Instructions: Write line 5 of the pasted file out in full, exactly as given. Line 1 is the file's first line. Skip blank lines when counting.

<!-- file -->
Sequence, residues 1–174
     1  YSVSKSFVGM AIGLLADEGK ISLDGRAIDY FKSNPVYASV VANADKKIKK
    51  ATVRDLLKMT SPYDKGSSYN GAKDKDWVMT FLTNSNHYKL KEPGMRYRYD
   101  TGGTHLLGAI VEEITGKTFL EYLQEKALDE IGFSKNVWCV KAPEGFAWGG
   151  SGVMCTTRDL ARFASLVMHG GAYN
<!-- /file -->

   151  SGVMCTTRDL ARFASLVMHG GAYN